The predictions have come true about the emergence of a new defense group that will change the European security environment. On June 25, defense chiefs from nine EU countries signed off on the creation of a new force called the European Intervention Initiative (EII), which is spearheaded by French President Emmanuel Macron. The new organization will have a common budget and a doctrine establishing its guidelines for acting and joint planning for contingencies in which NATO may not get involved. The group includes the UK, Germany, Denmark, the Netherlands, Belgium, Estonia, Spain, and Portugal. Italy may join soon. The initiative is not tied to the EU’s Common European Defense, which includes the PESCO agreement as well as NATO. Great Britain has always opposed the idea of creating a European defense alliance, fearing it would undermine transatlantic unity. Now it has done an about-face, as the rifts within the US grow deeper.
The new force is to be much more efficient than anything else the EU has to offer, with a streamlined decision-making process that will permit a quick reaction time. Its relatively small number of members will give it more flexibility in comparison with the EU or NATO. For instance, the EU’s four multinational military battle groups that were created as far back as 2007 have never been deployed.
Its main mission is to offer a rapid response to crises that could threaten European security. The operations are to be conducted independently from US control. The UK will remain a member of this European defense entity even after it leaves the EU next year. Denmark, which retains a special opt-out status and has not joined PESCO, is a signatory to the EII. This is a step on the path to creating a real European armed force to unite non-EU participants with those who keep their distance from the European deterrent headed by Brussels. If the process gains traction, Norway, a NATO member that is outside the EU, plus Sweden and Finland, which are EU members outside of NATO, may consider joining the EII as well. Sweden and Finland are already members of the UK Joint Expeditionary Force.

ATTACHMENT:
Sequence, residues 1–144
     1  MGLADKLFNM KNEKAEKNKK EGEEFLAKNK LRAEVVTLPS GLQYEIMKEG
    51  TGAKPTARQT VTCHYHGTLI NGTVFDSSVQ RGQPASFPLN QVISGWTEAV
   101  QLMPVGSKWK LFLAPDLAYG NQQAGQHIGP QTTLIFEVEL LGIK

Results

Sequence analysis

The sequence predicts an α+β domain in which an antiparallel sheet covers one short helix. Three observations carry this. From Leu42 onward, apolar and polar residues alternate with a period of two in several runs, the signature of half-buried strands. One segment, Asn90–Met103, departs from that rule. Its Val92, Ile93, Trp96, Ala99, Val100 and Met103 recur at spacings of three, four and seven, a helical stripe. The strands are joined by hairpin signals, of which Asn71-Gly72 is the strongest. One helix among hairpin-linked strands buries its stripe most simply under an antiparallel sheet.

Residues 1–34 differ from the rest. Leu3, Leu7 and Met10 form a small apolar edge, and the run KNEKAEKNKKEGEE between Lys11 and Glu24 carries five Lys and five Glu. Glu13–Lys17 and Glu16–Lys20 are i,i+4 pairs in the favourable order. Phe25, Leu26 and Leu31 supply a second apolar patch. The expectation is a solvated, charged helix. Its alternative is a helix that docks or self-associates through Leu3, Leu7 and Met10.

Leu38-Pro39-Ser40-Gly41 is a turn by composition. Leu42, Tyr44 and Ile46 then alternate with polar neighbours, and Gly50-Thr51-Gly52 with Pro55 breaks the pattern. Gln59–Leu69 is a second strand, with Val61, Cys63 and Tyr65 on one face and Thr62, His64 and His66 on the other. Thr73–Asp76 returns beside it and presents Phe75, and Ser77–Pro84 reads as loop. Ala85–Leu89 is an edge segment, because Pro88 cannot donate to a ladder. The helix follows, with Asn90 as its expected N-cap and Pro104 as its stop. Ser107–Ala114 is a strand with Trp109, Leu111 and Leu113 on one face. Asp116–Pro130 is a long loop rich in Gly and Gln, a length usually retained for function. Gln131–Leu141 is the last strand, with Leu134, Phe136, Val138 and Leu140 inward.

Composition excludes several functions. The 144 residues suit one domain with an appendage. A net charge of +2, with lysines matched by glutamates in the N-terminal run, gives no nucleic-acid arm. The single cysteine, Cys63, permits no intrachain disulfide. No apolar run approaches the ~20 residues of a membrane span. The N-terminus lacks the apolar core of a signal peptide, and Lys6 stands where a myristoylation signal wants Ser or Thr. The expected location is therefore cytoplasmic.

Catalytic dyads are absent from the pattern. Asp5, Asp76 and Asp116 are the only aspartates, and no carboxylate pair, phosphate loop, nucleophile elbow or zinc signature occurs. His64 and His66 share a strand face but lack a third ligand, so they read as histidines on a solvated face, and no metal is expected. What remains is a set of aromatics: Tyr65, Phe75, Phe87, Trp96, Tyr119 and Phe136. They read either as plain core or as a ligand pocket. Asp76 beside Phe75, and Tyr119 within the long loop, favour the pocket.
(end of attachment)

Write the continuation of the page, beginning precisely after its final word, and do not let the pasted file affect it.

Will it undermine NATO? To a certain extent it will. Any defense group outside the alliance that acts independently weakens it. At the same time, this gives NATO an opportunity to focus on the European theater of operations without being distracted by other hot spots. Any coin has two sides. Afghanistan is an example of NATO solidarity but is also an example of how a crisis that takes place outside of the alliance’s primary area of responsibility has weakened NATO’s standing in Europe.
Europeans have participated in the operations in Afghanistan and Iraq, conflicts in which they have no interest, in order to please the US. The real threat to Europe comes from the Middle East and North Africa (MENA). The planned creation of migrant reception centers in Africa may require military involvement. Washington views Europe’s migrant crisis as a far-flung problem that does not directly impact its own national security interests. NATO forces Europeans to focus more on the so-called Russian threat that no one takes seriously, despite the fact that defending its own borders is a pressing issue.
Europe can never be truly independent without the capability to mount a robust defense on its own. For instance, the EU needs a joint border force to prevent illegal immigration, which is plainly a real threat. The interests of the new group and Russia are not in conflict. Far from it. If the Russian-backed Syrian government finally wins, the flood of refugees to Europe will significantly diminish. Some migrants may return home. Russia has an important role to play in Libya, another source of refugees. Those interests coincide, while conversely, the US is more interested in countering Iran, which will exacerbate tensions, prompting more people to move to Europe seeking refuge from war. If an international operation in Libya is approved by the UN Security Council, the EII and Russia may act together, unified by a common interest.
With the EU still unable to bring its plans to fruition, the project led by President Macron stands a very good chance of creating a European group that would become an independent global player. NATO and the EU are being torn apart by internal conflicts while the EII is not. That group will be able to stand up to real threats, not imaginary ones.
Something is rotten in the state of Denmark, as NATO and the EU defense initiatives are failing to meet the interests of European security, forcing those nations to seek other alternatives, such as the EII. The threat of the Russian bogeyman has failed to paper over those differences. The quest continues. Whatever is in store for the newborn alliance, this is very bad for NATO, as this news is coming just a couple of weeks before the summit that may break up the alliance and consign the much-vaunted concept of “Western unity” to its grave.
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Featured image with thanks: Defence images